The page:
The Bear’s Tuxedo, Theatre Upstairs November 5th – 16th, 2013
If you haven’t taken yourself upstairs to the Theatre Upstairs just yet then you, well, you should. With lunchtime performances starting at 1pm, don’t worry about grabbing a sambo as fresh soup and brown bread is provided for FREE, and finishing at about 1.50pm, it’s a perfect escape from the office, shopping, your home or indeed from your thoughts as you are transported into the mind of the writers, the vision of the directors and into the acts of the actors as they perform to their best ability in an intimate theatre. Being intimate, that’s a nice word for small or cosy, there is very little room for error, whether it be from the actor him or herself, the sound engineer, musician, lighting or set designer. However in the time that I have been a fan of Theatre Upstairs and from the productions and performances I have seen, those who have come under this microscope have done nothing but please, entertain, inspire and make me feel that I have just spent a very very worthy hour (or less) of my time in their presence, in their shadow while the spotlight shines bright.
If lunchtime doesn’t suit you, as of course it won’t many, Theatre Upstairs also caters for those a little further away, and a lot if not most, of the productions there will have 7pm performances. This time again, is quite handy as it gives you a chance to get the groceries, grab some dinner, stay late in the office or finish off that assignment before you step into another world for that hour of escape I aforementioned, and you’ll still be home before your dog starts to think you’re never coming home.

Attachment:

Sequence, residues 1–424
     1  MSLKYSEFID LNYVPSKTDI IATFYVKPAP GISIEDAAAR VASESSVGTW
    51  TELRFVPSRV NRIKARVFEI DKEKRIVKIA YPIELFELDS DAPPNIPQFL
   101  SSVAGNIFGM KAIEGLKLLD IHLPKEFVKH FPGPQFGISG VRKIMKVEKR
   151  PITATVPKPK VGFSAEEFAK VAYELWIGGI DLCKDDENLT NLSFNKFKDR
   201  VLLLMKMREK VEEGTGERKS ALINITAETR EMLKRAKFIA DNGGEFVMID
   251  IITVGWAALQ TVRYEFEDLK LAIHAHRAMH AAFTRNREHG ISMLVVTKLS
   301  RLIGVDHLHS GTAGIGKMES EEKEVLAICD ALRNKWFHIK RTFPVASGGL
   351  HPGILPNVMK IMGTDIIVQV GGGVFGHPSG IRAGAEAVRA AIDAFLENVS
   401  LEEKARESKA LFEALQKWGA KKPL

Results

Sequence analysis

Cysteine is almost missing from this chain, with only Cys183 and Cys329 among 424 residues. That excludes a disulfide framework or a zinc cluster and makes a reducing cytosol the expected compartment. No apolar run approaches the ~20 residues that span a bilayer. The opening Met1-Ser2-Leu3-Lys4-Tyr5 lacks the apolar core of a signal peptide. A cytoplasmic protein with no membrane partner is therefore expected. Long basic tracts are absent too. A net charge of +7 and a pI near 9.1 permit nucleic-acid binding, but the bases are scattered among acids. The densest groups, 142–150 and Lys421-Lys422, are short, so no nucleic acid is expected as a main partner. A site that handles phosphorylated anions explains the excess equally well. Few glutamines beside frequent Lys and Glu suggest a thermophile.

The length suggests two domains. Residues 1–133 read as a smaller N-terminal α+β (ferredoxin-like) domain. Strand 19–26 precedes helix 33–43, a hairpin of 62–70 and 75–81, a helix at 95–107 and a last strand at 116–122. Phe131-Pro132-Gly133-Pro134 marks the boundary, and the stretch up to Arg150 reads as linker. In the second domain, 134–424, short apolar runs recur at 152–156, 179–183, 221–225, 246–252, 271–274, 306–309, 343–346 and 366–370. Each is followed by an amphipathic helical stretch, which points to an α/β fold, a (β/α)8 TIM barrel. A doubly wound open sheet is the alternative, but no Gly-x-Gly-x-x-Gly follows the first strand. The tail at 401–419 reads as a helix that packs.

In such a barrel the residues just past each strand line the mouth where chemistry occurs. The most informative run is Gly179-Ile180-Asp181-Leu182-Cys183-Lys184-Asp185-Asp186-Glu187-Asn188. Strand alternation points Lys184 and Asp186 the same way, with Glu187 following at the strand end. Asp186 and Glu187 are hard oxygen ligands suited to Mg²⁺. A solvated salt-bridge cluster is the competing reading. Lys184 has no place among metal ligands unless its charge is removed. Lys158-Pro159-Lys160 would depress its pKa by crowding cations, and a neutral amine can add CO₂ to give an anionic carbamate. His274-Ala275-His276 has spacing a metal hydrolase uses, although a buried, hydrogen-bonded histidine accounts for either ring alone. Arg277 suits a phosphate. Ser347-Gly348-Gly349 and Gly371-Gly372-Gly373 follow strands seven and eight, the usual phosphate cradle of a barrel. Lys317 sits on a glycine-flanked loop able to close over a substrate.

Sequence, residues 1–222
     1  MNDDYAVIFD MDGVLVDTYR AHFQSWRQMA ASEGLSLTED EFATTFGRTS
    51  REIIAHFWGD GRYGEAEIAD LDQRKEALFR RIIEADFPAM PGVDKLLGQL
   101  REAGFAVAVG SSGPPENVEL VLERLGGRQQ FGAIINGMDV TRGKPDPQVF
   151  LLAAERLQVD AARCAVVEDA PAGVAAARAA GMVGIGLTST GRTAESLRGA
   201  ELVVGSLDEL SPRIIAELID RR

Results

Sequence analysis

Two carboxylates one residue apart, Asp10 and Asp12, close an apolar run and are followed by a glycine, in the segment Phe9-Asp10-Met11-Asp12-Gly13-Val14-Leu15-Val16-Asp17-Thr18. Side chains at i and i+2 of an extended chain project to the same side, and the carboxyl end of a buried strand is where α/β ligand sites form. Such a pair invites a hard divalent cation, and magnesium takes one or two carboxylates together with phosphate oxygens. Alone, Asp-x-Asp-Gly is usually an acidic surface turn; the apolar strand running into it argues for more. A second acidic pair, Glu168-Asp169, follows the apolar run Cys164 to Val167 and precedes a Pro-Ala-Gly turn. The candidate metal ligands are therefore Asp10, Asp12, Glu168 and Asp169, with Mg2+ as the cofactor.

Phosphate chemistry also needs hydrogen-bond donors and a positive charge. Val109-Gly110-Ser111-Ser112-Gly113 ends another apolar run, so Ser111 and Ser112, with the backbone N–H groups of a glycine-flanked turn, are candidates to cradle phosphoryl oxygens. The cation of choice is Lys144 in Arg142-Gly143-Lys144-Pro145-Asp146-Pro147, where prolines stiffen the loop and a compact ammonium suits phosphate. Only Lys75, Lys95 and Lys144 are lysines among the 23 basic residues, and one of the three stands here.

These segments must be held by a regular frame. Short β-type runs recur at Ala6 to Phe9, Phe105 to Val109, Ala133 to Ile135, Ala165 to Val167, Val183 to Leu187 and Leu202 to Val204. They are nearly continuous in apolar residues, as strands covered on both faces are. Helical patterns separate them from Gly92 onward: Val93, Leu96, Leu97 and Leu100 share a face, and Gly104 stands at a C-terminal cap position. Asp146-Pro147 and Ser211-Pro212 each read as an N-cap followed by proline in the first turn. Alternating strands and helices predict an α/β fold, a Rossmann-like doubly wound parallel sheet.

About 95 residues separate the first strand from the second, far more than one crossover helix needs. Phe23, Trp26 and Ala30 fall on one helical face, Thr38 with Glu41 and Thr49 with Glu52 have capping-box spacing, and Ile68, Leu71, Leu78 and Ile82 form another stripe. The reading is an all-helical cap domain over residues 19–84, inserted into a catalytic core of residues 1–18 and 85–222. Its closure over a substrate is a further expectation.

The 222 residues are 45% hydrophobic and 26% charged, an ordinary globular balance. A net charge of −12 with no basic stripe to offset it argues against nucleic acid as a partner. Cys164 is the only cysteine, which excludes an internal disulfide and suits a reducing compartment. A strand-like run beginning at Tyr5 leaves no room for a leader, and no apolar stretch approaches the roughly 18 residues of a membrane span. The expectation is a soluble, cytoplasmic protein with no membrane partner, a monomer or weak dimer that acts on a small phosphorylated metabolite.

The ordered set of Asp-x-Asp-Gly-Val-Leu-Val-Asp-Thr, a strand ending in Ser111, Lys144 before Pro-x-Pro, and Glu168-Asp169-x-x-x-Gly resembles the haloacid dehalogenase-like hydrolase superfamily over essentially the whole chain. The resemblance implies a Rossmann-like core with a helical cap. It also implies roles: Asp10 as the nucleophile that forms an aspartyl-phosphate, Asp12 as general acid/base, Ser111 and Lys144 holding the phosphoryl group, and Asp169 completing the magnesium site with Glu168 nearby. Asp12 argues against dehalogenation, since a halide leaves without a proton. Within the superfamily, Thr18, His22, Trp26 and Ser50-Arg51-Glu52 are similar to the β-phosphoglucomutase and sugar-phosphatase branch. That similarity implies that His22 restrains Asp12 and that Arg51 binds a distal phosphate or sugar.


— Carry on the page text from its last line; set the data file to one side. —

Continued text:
Anyhoo … today, Tuesday November 5th at 1pm, I witnessed The Bear’s Tuxedo for lunch. It was the first performance of Monkey Backstage’s first production at Theatre Upstairs. I’m glad it’s how I spent my lunch, as it didn’t repeat and left a sweet taste in my mouth.
Monkey Backstage’s ethos is based on staging subversive new writing and to celebrate their ethos and their first production at the Theatre Upstairs they produced The Bear’s Tuxedo. Which I have to agree is both subversive and new! The play was written and is directed by the creative Keith James Walker. It is performed by the talented and expressive Kieran Roche. It’s based around the character Billy Sendoza, a Californian Funeral Director who suffers from bipolar disorder. Keith and Keiran could have made the subject of bipolar disorder sensitive as it is considered a mental illness after all and the play could’ve gone down a predictable route associated with bipolar. They didn’t. It wasn’t. What they did, and have deliberately created and will create again and again over the next two weeks is a dark, intelligent, comedic, insightful, refreshing piece (enough adjectives there?) about a man who has more than just being bipolar to worry about.
THE BEAR’S TUXEDO takes you on a cosmic journey through the torn flamboyant fibres of one man’s being. That man is the mercurial Billy Sendoza. Billy is a gay Californian funeral director with an attachment to the arcane and a penchant for the preposterous. Join Billy as he swaps the sands of Southern California for the unforgiving scorched desert of Mexico on a journey of personal redemption.
THE BEAR’S TUXEDO is a surreal exploration of how one man’s inability to separate his dreams from reality contaminates and distorts not only his own life, but the lives of those around him.
Heaven or hell, he’ll send you there in style…’
Produced by Rex Ryan and Ashleigh Dorrell who also designed the set, which is pretty impressive and with Lighting Design by Eoghan Carrik, who cleverly and artistically designed the wonderful lighting for the recently passed Sickle Moon production of Strange Case of Mr Jekyll and Mr Hyde … well I was and you are in for a theatrical treat.
DATES / TIMES:
Tuesday, November 5th – Saturday, November 16th
1PM PERFORMANCES: Tuesday – Saturday (both weeks)
7PM PERFORMANCES: Thursday – Saturday (both weeks)
For Booking you can phone 085 772 7375 or email Sinead or Laura on firstname.lastname@example.org … and …
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